Europe’s rapidly shifting geopolitical context over the past few years has underscored the need for an accelerated energy transition. We need a shift toward a more self-reliant and energy-secure future that embraces decarbonization at its core. This can only be achieved by pursuing an options-based climate strategy that embraces a diverse set…
Clean Air Task Force, together with the policy and advocacy consultancy Stonehaven, conducted public polling on awareness and perception of clean energy technologies (including advanced nuclear energy, carbon capture and storage (CCS), low-carbon hydrogen, and superhot rock (SHR) geothermal energy) across six different European countries: Germany, Italy, Poland, Romania, Spain, and the United Kingdom (UK). This presentation explores the results…
In the race to decarbonize the global energy system nuclear energy stands out as a potentially valuable tool in the toolkit.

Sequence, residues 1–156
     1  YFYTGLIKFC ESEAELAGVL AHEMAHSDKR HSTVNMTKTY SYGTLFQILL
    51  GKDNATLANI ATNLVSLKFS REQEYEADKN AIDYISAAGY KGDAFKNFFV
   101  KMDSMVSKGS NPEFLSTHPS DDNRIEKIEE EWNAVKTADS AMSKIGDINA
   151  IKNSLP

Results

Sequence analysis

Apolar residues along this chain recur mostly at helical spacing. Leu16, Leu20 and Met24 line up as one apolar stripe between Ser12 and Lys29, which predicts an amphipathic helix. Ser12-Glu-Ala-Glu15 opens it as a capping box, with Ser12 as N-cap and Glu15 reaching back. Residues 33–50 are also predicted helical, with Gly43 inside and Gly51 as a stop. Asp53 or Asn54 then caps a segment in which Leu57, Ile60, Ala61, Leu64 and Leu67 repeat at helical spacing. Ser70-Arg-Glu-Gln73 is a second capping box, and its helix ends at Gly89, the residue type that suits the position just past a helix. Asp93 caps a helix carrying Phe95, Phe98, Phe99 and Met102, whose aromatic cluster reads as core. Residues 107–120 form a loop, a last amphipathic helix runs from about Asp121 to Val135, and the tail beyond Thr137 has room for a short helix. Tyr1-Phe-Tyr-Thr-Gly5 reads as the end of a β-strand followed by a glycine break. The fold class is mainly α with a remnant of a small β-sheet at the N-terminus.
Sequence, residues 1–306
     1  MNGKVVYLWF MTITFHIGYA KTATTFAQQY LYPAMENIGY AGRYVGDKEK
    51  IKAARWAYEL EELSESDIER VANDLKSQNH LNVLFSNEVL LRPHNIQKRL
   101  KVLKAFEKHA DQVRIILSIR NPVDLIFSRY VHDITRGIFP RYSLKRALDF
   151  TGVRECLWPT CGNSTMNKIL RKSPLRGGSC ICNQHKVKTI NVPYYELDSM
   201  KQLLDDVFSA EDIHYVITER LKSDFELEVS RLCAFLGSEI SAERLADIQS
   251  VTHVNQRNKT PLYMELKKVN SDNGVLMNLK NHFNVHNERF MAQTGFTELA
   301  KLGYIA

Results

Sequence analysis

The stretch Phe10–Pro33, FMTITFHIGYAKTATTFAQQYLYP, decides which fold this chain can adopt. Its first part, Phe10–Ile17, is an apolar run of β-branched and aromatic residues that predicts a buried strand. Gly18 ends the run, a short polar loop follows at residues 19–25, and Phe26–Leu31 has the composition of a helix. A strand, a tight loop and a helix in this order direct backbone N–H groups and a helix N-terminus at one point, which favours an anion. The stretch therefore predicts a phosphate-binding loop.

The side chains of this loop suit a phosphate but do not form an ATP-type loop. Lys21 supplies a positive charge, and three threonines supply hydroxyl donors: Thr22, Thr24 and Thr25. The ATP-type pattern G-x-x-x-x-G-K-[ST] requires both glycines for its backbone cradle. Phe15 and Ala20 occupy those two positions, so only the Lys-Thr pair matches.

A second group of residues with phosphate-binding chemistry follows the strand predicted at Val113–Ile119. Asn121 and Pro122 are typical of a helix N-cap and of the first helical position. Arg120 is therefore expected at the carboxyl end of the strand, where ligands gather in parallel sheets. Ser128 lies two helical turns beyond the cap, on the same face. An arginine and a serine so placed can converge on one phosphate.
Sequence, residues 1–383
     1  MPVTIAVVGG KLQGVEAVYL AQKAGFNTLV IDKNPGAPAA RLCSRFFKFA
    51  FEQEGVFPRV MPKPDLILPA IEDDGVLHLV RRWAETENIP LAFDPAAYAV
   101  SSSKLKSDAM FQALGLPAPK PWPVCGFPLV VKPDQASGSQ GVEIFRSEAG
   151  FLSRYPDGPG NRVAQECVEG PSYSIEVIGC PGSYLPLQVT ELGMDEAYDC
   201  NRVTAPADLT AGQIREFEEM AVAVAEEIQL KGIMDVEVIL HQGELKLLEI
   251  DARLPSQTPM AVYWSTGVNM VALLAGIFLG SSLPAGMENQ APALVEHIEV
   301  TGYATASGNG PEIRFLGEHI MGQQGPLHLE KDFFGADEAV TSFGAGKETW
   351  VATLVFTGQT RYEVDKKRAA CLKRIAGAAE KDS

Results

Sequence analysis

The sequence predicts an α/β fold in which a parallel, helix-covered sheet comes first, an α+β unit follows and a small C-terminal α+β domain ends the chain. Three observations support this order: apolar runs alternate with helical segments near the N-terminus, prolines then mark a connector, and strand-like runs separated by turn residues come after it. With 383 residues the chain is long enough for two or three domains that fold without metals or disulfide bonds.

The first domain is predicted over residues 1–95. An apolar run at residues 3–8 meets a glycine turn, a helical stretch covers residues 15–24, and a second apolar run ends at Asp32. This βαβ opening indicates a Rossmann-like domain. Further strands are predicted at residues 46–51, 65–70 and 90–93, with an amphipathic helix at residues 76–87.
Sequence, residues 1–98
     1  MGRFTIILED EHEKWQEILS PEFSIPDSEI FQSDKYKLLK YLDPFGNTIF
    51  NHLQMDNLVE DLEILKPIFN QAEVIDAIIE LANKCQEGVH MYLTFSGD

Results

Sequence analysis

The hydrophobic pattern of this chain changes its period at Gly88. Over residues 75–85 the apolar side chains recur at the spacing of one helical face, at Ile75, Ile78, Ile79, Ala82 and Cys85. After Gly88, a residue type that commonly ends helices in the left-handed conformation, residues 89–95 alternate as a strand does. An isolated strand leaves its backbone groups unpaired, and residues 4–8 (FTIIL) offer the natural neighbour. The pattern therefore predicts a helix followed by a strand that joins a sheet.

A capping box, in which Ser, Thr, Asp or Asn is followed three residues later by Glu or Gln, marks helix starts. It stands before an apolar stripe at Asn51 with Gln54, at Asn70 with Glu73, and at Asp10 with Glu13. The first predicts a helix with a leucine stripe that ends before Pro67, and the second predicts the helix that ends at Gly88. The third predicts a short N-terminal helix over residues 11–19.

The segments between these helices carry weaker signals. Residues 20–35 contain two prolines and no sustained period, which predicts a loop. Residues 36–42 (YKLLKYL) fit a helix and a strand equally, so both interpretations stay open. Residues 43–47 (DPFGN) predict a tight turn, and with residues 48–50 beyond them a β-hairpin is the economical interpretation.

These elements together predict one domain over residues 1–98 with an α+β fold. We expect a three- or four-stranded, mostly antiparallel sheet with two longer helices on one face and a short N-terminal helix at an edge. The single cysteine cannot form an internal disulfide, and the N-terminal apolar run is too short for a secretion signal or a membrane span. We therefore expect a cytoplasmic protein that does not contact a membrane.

Rather than a condemnation of a vital clean energy sector, the project’s cancellation offers an opportunity to glean insights from the hurdles faced by the global nuclear sector and to chart a more sustainable path forward.
Small Modular Reactors (SMRs) represent the promise of a new nuclear technology to supply zero-emissions, safe, and dispatchable power.
On July 31st, the Vogtle 3 nuclear power plant in Georgia officially entered commercial operation.
There is no question that nuclear energy could play a valuable, possibly even pivotal role in a low-carbon European future.
If we’re going to decarbonize, we’re going to need a lot more electricity. And if we’re going to do it successfully, affordably, and reliably, we’re going to need to deploy every type of zero-carbon energy technology available to us.